Akinwale spent the previous nine years with the Hornets’ Southeast Division foes, and has ties to Schnall and Peterson from their days together in the Peach State. His latest title was vice president of player personnel, so he’ll be a central figure in assessing any new talent the Hornets acquire. Akinwale also held the roles of manager of scouting, director of scouting and senior director of player personnel in Atlanta.

Akinwale, who played at Thiel College and earned a business administration degree, started his pro tenure as an executive as a basketball operations intern with the Orlando Magic in 2013, earning a promotion to basketball operations coordinator in 2014-15 season prior to leaving to work for the Hawks.

Ryan Gisriel, VP of basketball operations/strategy

Ryan Gisriel cut his teeth with the Brooklyn Nets for 11 years where he met — who else? — Peterson. This past season, he was executive director of basketball and business operations , enjoying a bump up in responsibilities after being Brooklyn’s director of basketball operations for the previous six seasons.

Besides holding that position, Gisriel had stints as the Nets director of basketball administration and assistant to the GM. Prior to his time with the Nets, Gisriel worked at Shapiro Negotiations Institute, assisting chairman Ron Shapiro.

A graduate of Notre Dame, where he played for the men’s squash team, Gisriel holds a degree in political science.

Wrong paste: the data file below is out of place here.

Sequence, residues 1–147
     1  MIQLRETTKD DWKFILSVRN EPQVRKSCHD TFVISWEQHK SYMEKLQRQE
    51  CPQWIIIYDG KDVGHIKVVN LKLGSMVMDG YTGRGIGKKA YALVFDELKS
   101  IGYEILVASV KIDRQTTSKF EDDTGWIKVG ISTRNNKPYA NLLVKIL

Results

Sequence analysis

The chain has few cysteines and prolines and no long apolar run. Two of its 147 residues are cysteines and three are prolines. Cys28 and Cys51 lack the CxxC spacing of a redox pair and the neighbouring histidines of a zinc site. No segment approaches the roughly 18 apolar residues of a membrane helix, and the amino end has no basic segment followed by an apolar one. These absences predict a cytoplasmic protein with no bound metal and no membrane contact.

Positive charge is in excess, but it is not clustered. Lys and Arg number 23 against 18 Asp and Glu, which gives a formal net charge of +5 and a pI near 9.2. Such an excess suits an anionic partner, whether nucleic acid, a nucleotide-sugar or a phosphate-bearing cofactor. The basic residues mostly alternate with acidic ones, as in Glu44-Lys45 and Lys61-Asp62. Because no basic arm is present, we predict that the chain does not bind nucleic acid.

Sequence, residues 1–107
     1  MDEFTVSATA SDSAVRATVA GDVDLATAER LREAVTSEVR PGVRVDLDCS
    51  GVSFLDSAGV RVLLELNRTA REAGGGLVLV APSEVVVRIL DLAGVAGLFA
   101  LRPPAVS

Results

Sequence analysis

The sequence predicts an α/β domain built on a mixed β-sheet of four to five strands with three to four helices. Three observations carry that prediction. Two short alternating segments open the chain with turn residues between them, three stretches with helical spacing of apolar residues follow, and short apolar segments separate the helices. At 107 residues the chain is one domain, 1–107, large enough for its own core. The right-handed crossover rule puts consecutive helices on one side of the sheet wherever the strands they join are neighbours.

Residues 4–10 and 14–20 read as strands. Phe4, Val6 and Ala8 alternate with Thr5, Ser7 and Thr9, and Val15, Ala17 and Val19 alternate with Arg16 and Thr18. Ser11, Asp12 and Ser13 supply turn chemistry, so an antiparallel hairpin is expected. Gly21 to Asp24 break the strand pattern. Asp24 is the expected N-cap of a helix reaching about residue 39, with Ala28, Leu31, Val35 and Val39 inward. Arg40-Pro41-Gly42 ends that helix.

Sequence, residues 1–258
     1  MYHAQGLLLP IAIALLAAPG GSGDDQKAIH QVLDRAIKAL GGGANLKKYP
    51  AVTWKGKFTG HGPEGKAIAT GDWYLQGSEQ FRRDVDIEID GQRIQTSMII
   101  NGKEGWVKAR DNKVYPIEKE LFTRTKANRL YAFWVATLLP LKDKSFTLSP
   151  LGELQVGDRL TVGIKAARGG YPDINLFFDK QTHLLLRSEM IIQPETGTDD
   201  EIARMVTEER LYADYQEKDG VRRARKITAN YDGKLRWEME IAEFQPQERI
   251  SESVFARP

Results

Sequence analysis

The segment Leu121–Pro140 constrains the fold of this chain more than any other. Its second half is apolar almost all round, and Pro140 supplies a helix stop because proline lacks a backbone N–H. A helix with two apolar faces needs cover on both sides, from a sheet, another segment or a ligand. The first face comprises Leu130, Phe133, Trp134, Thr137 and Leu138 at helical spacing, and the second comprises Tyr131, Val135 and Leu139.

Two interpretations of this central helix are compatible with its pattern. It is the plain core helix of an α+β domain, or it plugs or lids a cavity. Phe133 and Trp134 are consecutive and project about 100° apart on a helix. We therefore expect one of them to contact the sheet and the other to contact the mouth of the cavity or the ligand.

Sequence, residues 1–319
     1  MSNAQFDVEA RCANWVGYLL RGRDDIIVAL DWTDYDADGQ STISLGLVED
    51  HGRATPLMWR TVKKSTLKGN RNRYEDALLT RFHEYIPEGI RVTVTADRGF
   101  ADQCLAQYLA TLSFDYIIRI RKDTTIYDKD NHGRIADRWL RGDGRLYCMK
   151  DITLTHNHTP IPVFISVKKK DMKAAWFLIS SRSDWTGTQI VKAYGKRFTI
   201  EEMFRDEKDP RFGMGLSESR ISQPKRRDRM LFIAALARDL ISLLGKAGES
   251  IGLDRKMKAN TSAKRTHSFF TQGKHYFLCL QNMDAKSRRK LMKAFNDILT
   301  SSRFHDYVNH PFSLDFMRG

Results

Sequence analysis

Patrick Harrel, VP of basketball insights/analysis

Analytics are a big thing in sports nowadays. That’s Patrick Harrel’s level of expertise.

Harrel worked for the NBA for eight years before the Hornets came calling, most recently serving as the league’s senior director of basketball strategy and analytics. He was instrumental in the NBA’s schedule optimization, helping with their coordinated plan to reduce travel stress and shaving down the number of back-to-backs.

Harrel also had a hand in the overall design and implementation of the NBA Bubble during the COVID pandemic that ended the 2019-20 regular season prematurely. Throw in assisting with the creation of the play-in and in-season tournaments, along with once being a part of the league’s competition committee and managing the league’s research into on-court rules changes, and Harrel should help the Hornets in a variety of ways.

A Princeton University cum laude graduate who earned an economics degree, Harrel was named to the Forbes Sports 30 Under 30 this year. He’s going to be a huge resource for Charlotte.